Coronavirus in South Korea, Their Secret to Stabilizing COVID-19 Spread
According to an article from Business Insider, South Korea and the U.S.A reported their first cases of coronavirus on the dame say-- January 20, 2020. While South Korea still reports approximately 8,320 cases of COVID-19, the national spread had peaked on February 29 and has since then been declining in reported spreading.
South Korea reported 909 new cases of coronavirus infected people on February 29. But by March 16, the nation experienced just 74 new cases in less than one month of peaking.
On the other hand, the U.S.A reports fewer total cases at approximately 6,420, but has been seeing a steady increase within the same time period.
According to the South Korea Foreign Minister, Kang Kyung-wha, the secret to stabilizing coronavirus spread is testing.
"Testing is central because that leads to early detection, it minimizes further spread and quickly treats those found with the virus," Kang said in an interview with BBC's Andrew Marr. "And I think that's the key behind our very low fatality rate as well."
Kang added: "I think our system quickly approved the testing system after the Chinese authorities released the genetic sequence of the virus in mid-January.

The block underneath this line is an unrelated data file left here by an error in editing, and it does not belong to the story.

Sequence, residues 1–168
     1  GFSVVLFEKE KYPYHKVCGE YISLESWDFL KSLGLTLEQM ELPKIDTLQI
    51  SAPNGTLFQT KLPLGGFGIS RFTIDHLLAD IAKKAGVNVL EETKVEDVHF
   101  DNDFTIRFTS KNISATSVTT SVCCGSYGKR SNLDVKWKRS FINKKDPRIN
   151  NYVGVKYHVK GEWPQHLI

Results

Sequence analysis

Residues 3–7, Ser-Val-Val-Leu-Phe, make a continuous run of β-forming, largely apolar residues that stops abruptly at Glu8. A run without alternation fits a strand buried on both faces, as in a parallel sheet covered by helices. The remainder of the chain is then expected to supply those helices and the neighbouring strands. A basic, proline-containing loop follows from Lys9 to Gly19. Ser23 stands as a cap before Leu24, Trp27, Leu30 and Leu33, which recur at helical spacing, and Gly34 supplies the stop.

"Our health authorities quickly conferred with the research institutions here and then shared that result with the pharmaceutical companies to then produce the reagent and the equipment for the testing.
"I think our testing is nearly a quarter of a million at this point. At 268,000 as of today."
The U.S.A, by contrast, has only carried out approximately 74,000 tests. That is 74 per every million inhabitants, according to the U.S. Center for Disease Control and Prevention.
Raina MacIntyre, an emerging infectious disease scholar at the University of New South Wales, Sydney, shared that being able to diagnosis at big scales is important for controlling an epidemic.
"Contact tracing is also very influential in epidemic control, as is case isolation," she says.
Only time will tell whether South Korea's new case statistics remain low. Experts predict that the The U.S.A, however, may continue to see a climb much like the trajectory of Europe.